Sunday 19 May
Fern (Xiphopteris ascensionensis)
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Fern fact file
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- Polypodium ascensionense, Xiphopteris ascensionense. Top
- A species or taxonomic group that is only found in one particular country or geographic area.
- A plant that uses another plant, typically a tree, for its physical support, but which does not draw nourishment from it.
- A small, gamete-producing structure that germinates from certain spores.
- Microscopic particles involved in both dispersal and reproduction. They comprise a single or group of unspecialised cells and do not contain an embryo, as do seeds.
IUCN Red List (August, 2012)
- Gray, A. (2003) Red List Assessment Form. Ascension Conservation.
- Pers. obs. from image.
- Ashmole, P. & Ashmole, M. (2000) St. Helena and Ascension Island: a natural history. Anthony Nelson, England.
Australian National Herbarium (September, 2003)
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Ferns are ‘primitive’ plants that spread by releasing spores rather than by producing flowers and fruits. The distinctive frond stage of the fern lifecycle is asexual; spores are released from the fronds, which then germinate into minuscule heart-shaped structures known as ‘prothalli’. It is here that the sexual stage of the lifecycle occurs; male and female organs on the prothallus produce sperm and eggs respectively. If the female eggs are fertilised successfully, a new fern plant will begin to grow and the cycle starts again (5).Top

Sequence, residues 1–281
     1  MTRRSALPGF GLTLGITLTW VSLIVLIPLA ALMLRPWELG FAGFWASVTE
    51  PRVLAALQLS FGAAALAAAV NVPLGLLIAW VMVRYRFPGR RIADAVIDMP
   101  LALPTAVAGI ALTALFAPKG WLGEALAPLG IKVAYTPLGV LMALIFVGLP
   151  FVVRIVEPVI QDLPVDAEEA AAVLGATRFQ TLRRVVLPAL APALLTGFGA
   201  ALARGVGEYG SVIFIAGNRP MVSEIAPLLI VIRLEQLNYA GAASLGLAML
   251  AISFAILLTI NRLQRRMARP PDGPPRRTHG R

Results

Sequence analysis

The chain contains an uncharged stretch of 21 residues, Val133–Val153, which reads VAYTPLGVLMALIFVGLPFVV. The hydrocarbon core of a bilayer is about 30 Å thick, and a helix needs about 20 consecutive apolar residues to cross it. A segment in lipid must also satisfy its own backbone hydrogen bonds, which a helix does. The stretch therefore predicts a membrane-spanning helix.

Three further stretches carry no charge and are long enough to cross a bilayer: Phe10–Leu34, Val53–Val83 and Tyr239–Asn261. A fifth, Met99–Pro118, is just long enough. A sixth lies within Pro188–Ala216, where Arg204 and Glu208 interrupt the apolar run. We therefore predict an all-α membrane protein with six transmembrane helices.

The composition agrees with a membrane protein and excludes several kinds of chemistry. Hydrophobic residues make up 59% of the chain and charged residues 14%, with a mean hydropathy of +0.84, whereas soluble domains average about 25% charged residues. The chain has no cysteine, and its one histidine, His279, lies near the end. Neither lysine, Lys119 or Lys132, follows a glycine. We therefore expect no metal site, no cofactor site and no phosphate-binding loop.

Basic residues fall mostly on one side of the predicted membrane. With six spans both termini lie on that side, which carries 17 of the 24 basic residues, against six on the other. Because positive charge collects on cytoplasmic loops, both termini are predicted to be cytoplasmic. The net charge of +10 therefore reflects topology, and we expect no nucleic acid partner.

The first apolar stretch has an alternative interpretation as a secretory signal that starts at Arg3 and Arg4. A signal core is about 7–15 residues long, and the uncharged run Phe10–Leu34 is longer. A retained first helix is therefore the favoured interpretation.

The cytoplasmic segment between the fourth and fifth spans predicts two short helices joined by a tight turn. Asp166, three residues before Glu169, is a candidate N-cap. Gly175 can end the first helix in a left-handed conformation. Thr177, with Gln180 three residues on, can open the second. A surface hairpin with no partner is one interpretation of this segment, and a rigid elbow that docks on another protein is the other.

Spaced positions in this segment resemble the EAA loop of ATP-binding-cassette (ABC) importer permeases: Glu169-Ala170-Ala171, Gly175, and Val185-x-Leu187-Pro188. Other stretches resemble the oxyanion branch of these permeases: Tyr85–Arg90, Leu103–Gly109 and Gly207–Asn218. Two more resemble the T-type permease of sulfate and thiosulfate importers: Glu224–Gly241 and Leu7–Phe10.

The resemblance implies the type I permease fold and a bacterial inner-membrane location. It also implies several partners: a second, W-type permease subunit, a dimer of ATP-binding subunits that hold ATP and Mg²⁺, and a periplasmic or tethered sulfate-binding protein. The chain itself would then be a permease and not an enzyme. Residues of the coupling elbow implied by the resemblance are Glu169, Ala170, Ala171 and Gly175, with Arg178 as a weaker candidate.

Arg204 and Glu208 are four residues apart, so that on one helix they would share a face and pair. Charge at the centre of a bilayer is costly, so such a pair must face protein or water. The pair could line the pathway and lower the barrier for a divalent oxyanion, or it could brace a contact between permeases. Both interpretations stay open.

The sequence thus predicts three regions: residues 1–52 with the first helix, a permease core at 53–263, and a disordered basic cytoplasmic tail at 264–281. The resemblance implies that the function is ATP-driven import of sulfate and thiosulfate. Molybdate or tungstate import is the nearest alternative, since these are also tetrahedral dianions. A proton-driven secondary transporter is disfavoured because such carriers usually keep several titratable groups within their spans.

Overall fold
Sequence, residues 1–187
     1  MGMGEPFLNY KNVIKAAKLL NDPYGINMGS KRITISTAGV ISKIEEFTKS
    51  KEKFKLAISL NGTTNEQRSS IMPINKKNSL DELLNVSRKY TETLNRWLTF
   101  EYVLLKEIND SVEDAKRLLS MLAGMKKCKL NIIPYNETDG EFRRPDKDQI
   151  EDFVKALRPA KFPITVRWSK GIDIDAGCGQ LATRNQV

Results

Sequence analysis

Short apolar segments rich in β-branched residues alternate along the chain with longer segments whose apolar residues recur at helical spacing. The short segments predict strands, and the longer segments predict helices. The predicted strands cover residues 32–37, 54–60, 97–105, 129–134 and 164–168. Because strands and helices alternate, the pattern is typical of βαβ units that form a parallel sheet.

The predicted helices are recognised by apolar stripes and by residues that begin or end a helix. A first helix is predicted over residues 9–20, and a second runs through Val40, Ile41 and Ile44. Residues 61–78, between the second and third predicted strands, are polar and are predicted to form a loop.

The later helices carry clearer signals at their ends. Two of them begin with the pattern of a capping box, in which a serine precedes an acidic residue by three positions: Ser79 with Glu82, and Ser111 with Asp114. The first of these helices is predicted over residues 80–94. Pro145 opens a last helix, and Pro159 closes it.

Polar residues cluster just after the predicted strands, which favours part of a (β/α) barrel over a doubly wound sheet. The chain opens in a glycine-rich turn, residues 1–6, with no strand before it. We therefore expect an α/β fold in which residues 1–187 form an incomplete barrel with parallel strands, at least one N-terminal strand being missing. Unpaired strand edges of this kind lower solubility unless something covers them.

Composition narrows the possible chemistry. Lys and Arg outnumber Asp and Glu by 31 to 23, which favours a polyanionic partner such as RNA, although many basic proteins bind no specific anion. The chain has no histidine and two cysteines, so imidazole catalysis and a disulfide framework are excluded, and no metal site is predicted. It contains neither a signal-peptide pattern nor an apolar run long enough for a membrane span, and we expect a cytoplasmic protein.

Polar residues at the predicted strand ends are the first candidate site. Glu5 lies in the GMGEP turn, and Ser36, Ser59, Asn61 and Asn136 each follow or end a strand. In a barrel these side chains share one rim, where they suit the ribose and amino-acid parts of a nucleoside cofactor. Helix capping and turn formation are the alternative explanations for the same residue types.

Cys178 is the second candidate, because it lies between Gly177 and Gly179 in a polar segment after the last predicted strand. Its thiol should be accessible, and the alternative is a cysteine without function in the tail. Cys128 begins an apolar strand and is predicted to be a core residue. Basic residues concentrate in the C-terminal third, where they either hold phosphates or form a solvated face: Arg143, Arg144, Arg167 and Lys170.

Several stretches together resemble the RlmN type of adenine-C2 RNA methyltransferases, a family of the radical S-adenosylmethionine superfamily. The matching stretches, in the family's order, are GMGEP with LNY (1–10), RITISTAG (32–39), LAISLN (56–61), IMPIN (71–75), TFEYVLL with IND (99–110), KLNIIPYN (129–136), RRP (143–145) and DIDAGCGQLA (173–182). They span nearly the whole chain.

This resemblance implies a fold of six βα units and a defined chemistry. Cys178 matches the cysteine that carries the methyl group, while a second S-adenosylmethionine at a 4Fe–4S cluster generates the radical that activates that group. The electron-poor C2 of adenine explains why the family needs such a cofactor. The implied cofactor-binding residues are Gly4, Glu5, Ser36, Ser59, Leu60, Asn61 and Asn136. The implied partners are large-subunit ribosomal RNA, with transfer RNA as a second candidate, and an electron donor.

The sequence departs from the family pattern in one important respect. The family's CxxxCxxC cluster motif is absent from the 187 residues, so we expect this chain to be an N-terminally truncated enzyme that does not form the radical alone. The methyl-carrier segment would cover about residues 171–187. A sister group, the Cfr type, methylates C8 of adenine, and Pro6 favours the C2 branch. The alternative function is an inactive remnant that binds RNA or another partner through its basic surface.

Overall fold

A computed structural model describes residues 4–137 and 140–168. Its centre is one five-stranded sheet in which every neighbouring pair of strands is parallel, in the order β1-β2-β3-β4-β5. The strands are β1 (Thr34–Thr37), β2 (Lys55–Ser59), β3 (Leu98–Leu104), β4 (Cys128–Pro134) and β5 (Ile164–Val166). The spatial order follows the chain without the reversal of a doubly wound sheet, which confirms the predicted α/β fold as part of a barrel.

This fern grows in association with mosses, often with Campylopus smaragdinus and Calymperes ascensionis (4). It is found either on moss-covered rocks or on bamboo trees (2), in the mist zone of the upper mountain (4).Top
Xiphopteris ascensionensis is classified as Critically Endangered (CR) on the IUCN Red List (1).Top
Although the population of Xiphopteris ascensionensis appears to be relatively stable at present it may face long-term threats from the spread of introduced moss species such as Alpinia zerumbet, with which it appears unable to grow (2).Top
The population of Xiphopteris ascensionensis is being monitored by Ascension Conservation (2).Top
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